Synopsis: Three young people on a road trip from Colorado to New Jersey talk to a trucker on their CB radio, then must escape when he turns out to be a psychotic killer.
The whole CB radio craze was brought into the mainstream thanks in part to C.W. McCall’s catchy one hit wonder Convoy and the 1977 comedy classic Smokey and the Bandit. In a world of smartphones, wireless internet and GPS society has reached the point where you learn to use some form of technology before elementary school. A 40 year old could show a CB Radio set to a millennial and unless their parents grew up watching Burt Reynolds, Jerry Reed or Jackie Gleason they’d have no idea what the hell they are staring at. Six months ago I got a e-mail from my Dad with a photo attached and he wanted me to take a wild guess at what it was. I spent the better part of an hour racking my brain trying to figure out what it was and when I didn’t write him back he sent another e-mail asking if I was stumped. Undeterred I cheated a bit going on Google image search trying to find something similar with no success I then searched for an photo of a white flag and sent it back his way. Even now I can envision my father chuckling as he wrote his next reply – It’s a headlight dimmer switch. The brain will have no troubles remembering certain pieces of technology because they are forever ingrained in our lost childhoods then something as simple as a headlight dimmer switch comes a long and makes us look like damn fools.
As the opening credits of Joy Ride come into focus the main question taking form was – ‘This movie was made in 2001 why is Hollywood trying to revitalize something that was popular the last time bell bottoms were in?’ All of sudden I saw JJ Abrams name flash across the screen and like a bolt of lightning I immediately knew. The future Star Wars – The Force Awakens director wrote and produced Joy Ride as a tribute to his idol Steven Spielberg. In other words Abrams was going to present a modern remake of Spielberg’s seminal debut thriller Duel under a different moniker (thankfully) with a few new twists added in. Instead of focusing on a middle aged road raged salesman viewers get a college student offering to drive a friend, who he has romantic interests, back to their hometown in New Jersey for summer vacation. Along for the ride is the college student’s estranged brother who has been in a recent spot of trouble with the law. During the road trip reformed criminal brother tries to make amends by buying a CB radio to help stay alert of any potential speed traps. It doesn’t take long after that for the brothers to get bored and start messing with a trucker who goes by the handle of Rusty Nail. Old Rusty is creepily voiced (in an unaccredited performance) by Buffalo Bill himself Ted Levine. Every time his voice came across the CB I couldn’t help imagining Rusty Nail yell – ‘It rubs the lotion on its skin or else it gets the hose again!’ Despite the middle half dragging itself along Joy Ride is a tense little thriller thanks in part to the uneasiness of onscreen brothers Paul Walker and Steve Zahn. Outside of his work in the Fast & Furious franchise this is the best performance Walker delivered and after his untimely passing reading about what a generous person the guy was how can I knock him? It might not be as tension filled as 1970’s Steven Spielberg I still say give it a chance you’ll be white knuckling the arm rests of your chair in no time.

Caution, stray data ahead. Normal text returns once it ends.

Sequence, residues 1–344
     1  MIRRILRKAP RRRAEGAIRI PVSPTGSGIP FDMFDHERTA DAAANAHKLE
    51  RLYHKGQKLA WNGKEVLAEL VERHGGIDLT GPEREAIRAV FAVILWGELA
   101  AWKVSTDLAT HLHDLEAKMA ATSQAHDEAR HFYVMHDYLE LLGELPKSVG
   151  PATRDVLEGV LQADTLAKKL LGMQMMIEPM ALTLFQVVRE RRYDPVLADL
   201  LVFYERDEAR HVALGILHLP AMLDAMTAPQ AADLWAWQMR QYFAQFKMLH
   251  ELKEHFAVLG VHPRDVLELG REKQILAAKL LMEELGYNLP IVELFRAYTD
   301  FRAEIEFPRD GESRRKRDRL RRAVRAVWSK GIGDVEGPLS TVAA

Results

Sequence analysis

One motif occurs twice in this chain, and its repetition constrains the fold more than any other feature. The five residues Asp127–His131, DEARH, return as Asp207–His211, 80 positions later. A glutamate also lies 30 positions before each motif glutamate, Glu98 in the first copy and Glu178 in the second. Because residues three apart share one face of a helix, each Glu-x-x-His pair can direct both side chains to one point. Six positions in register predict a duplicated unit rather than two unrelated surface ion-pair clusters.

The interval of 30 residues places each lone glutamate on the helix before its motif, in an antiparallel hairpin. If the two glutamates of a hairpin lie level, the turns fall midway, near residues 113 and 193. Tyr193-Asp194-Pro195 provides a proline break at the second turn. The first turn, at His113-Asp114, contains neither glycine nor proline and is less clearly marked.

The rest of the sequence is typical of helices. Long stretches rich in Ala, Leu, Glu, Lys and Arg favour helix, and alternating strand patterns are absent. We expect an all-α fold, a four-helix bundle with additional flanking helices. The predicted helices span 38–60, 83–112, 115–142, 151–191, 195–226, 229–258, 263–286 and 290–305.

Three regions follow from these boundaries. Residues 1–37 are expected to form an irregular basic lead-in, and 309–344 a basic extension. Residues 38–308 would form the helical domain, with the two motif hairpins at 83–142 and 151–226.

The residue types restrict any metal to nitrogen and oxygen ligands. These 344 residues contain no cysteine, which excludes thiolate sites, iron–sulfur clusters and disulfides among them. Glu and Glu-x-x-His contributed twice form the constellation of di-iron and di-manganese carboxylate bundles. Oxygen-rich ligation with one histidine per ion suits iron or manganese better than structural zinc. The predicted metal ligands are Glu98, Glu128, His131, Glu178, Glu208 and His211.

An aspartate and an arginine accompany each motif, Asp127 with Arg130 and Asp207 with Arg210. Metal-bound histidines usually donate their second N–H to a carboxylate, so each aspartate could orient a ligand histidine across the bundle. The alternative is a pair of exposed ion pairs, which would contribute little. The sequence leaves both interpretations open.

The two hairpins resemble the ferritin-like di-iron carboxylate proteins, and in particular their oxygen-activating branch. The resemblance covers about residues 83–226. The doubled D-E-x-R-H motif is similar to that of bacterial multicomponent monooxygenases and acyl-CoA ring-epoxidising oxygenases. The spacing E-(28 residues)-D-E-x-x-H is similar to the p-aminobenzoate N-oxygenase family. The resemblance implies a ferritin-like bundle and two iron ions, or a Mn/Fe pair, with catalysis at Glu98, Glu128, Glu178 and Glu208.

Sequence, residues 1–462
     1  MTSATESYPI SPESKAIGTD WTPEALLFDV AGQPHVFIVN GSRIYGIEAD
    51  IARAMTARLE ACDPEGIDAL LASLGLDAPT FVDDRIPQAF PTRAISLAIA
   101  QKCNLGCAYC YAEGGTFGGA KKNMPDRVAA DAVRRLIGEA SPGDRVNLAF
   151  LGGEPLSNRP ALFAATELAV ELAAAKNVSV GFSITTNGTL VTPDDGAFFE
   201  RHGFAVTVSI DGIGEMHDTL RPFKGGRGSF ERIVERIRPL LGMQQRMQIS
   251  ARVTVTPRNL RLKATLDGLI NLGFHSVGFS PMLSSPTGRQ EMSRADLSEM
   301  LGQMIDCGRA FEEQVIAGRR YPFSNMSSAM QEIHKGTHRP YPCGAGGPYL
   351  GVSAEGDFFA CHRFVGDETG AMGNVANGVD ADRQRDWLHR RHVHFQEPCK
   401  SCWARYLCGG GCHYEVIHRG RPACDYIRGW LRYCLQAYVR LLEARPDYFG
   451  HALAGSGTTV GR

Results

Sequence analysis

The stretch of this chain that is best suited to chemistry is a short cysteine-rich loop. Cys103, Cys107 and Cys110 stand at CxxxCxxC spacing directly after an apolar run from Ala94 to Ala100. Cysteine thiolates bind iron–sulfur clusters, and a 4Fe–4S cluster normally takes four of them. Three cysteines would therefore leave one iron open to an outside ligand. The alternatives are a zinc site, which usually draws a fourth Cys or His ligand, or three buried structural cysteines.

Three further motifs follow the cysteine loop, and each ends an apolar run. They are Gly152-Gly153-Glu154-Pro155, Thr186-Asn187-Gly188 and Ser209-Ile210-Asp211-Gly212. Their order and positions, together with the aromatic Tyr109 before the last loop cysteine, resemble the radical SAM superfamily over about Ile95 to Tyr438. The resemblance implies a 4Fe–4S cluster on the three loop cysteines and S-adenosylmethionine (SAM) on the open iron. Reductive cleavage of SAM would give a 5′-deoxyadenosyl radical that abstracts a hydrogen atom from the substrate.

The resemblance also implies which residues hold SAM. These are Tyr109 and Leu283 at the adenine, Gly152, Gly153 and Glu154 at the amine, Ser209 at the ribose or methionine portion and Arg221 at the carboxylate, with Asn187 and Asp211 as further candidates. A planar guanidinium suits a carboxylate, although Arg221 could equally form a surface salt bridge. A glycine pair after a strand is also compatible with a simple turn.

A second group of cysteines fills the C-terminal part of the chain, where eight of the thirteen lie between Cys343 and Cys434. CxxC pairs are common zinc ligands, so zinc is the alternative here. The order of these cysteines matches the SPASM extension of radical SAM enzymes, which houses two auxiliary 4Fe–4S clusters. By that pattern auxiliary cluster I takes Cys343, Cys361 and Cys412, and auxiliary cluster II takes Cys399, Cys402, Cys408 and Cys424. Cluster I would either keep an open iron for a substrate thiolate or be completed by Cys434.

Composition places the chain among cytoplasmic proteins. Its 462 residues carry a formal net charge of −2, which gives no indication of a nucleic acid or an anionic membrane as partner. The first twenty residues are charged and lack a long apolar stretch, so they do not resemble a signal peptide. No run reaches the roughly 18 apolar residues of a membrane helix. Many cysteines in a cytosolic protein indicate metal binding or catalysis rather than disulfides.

Final Grade: B